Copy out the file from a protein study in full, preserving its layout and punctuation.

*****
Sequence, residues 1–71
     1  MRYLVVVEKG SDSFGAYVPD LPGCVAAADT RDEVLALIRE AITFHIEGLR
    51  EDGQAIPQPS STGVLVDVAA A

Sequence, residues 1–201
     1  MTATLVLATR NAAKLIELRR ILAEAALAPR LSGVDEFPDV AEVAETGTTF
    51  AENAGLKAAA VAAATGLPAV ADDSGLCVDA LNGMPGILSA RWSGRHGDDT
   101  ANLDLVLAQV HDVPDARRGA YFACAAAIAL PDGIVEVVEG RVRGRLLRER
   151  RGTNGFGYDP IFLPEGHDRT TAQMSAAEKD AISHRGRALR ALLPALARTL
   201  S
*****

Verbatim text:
Sequence, residues 1–71
     1  MRYLVVVEKG SDSFGAYVPD LPGCVAAADT RDEVLALIRE AITFHIEGLR
    51  EDGQAIPQPS STGVLVDVAA A

Sequence, residues 1–201
     1  MTATLVLATR NAAKLIELRR ILAEAALAPR LSGVDEFPDV AEVAETGTTF
    51  AENAGLKAAA VAAATGLPAV ADDSGLCVDA LNGMPGILSA RWSGRHGDDT
   101  ANLDLVLAQV HDVPDARRGA YFACAAAIAL PDGIVEVVEG RVRGRLLRER
   151  RGTNGFGYDP IFLPEGHDRT TAQMSAAEKD AISHRGRALR ALLPALARTL
   201  S